Amongst the six men’s and seven women’s athletic teams, Northwestern is home to over 360 athletes. According to Fitness Magazine, the recommended nutritional input for active athletes is a diet rich in whole grains, lean protein and a variety of fruits and veggies. It recommends foods rich in antioxidants and iron. This diet cannot be promised by the lack of variety at Coronado Cafeteria.

So why do students continue to utilize the cafeteria despite the general dislike of the facilities? All students who live on campus are required to have a meal plan, whether that is for 10, 15 or 19 meals per week. Of the students surveyed, 92.5 percent say they do not eat there by choice, but merely because of the required meal plan. 278 students pay $2500 a year for 10 meals a week; 179 pay $2700 a year for 15 meals a week; 84 pay $2830 a year for 19 meals a week.  While students who receive 19 meals/week pay only $4.65/meal, students who are on the 15 meal plan pay $5.63/ meal and students on the 10 meal plan pay $7.81/meal. This may not appear to be a substantial amount of money per each meal, but many students pay $7.81 for dinner and may result in eating a bowl of cereal because there is no fresh food. Those are some pricey Cheerios.

Granted, the meals also can be applied for use at the Student Center; however, this is only available for students at breakfast and lunch.

An anonymous senior at Northwestern said, “the cafeteria is one of the worst eating establishments I have ever had the misfortune of eating at. The pasta looks, at times, weeks old. I’ve found flies, moths and mold in food. If I didn’t have to get a meal plan, I wouldn’t.”

So how does Northwestern’s meal plan compare to universities of comparable size and enrollment?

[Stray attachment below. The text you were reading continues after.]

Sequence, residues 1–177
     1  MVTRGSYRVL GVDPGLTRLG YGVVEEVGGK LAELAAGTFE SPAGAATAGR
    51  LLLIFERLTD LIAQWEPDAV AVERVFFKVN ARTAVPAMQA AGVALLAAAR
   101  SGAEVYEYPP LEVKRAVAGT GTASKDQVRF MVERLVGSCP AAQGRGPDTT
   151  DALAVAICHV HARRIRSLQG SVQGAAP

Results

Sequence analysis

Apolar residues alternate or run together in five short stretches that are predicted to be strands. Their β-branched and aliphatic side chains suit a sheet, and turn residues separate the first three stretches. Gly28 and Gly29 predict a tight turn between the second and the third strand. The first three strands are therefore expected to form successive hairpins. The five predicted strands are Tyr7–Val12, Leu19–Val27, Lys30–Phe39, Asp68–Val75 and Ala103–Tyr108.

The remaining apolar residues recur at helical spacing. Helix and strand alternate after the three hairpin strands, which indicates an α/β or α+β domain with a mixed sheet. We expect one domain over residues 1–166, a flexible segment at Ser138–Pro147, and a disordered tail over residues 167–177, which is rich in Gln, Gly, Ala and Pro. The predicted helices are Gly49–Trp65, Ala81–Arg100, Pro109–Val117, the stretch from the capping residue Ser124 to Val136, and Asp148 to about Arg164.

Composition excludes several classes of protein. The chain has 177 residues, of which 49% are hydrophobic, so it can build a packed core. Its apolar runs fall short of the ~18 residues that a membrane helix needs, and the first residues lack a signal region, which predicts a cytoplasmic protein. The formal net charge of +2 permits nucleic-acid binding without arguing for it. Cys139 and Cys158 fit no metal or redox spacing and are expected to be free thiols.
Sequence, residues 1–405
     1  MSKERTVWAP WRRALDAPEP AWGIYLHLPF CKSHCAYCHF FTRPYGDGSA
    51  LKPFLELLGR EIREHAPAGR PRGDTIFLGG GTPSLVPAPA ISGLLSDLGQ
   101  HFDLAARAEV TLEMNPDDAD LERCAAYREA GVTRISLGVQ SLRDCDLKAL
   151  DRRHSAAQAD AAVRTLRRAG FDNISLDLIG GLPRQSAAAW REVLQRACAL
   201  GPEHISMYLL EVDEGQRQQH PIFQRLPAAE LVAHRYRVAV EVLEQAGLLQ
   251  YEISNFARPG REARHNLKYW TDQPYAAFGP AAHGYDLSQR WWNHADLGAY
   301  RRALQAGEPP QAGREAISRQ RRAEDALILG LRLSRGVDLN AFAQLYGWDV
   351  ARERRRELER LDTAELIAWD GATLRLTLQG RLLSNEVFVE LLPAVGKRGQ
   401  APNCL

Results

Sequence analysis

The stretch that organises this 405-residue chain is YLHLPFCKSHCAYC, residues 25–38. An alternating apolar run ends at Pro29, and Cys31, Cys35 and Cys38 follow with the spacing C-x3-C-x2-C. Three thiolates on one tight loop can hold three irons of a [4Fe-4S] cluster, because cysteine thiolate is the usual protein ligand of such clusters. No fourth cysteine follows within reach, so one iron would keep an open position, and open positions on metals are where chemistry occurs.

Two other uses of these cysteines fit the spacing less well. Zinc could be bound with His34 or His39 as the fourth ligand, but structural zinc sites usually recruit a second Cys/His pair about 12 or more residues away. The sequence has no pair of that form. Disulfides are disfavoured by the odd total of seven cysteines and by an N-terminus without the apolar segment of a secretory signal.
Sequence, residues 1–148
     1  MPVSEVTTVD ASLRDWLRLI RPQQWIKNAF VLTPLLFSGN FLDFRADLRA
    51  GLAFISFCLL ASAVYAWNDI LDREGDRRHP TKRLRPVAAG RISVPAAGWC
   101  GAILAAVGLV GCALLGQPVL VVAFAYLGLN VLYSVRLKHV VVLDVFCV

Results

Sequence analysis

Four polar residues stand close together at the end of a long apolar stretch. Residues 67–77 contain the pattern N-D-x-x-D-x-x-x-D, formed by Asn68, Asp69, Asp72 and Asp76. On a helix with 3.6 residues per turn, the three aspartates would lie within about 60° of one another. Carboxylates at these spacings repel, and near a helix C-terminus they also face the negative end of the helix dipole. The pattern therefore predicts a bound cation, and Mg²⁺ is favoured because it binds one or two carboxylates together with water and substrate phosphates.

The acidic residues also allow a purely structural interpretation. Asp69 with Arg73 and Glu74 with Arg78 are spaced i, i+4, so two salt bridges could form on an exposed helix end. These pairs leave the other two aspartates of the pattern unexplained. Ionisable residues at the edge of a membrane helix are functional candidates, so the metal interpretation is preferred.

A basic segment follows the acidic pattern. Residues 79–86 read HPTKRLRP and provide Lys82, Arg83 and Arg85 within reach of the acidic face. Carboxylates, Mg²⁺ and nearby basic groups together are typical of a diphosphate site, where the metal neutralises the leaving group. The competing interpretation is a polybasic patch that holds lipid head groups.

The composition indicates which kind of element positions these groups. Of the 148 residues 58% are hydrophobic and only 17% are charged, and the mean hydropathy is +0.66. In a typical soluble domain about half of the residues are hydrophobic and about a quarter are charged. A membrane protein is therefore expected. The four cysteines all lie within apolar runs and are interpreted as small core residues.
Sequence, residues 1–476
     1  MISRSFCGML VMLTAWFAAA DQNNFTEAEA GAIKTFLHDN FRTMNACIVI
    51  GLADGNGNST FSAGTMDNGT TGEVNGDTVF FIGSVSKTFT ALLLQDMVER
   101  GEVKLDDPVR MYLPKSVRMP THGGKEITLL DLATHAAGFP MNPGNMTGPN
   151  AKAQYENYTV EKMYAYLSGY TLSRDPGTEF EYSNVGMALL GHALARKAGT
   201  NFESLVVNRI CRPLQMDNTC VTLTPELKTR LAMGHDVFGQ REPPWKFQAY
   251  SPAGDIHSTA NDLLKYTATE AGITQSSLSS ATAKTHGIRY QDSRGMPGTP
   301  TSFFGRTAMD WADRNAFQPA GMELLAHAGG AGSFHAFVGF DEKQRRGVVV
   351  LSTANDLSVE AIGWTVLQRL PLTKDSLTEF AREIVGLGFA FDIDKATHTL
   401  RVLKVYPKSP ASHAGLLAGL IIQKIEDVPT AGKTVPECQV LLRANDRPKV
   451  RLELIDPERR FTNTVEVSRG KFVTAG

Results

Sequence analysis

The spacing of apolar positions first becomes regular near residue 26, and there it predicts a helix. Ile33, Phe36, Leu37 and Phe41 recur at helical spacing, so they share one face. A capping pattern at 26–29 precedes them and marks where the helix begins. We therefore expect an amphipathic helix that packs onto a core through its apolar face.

Students at Northeastern Oklahoma State University can pay for 10 meals/week and $350 of “flex points” for each semester, paying a total of $3580. Though the sum is more than the plan offered at Northwestern, the student’s $700 yearly for use on snacks, fast food restaurants, coffee, etc. makes their plan only $380 more than Northwestern’s offer. The university also offers a Market Café, Food Court, Chick-Fil-A, SubConnection, Clubhouse Grill, and a coffeehouse.

Southwestern Oklahoma State University students can get a standard yearly meal plan of 10 meals/week for $2700, $200 more than a Northwestern student pays. However, that student also has access to a food court with an Italian Café, a grill, a Mexican Cantina, a chicken strip joint and a bakery. Students can also use a “flex point” plan on an on-campus coffeehouse and convenience store. Their cafeteria also offers hot entrees, an international food line, Panini grill, fast food line, baked potato bar and waffle station.

Considering the current state of food services at Northwestern, it is apparent that measures need to be taken to further efforts to make the cafeteria more sanitary. A priority of Northwestern should be to preserve the health of its students.

There are ways that students can help to better the cafeteria as well, Robinson said. A food committee meets periodically throughout the year and is available to all Northwestern students. You don’t have to wait until a committee meeting to voice your opinion, however, as Robinson emphasized that his door is open to students who would like to speak with him.

“Waste is a big problem too,” Robinson said. “With the amount of food that students waste, that could be put into improvements.”

What are your thoughts on how the cafeteria can improve? Let Northwestern News know your thoughts!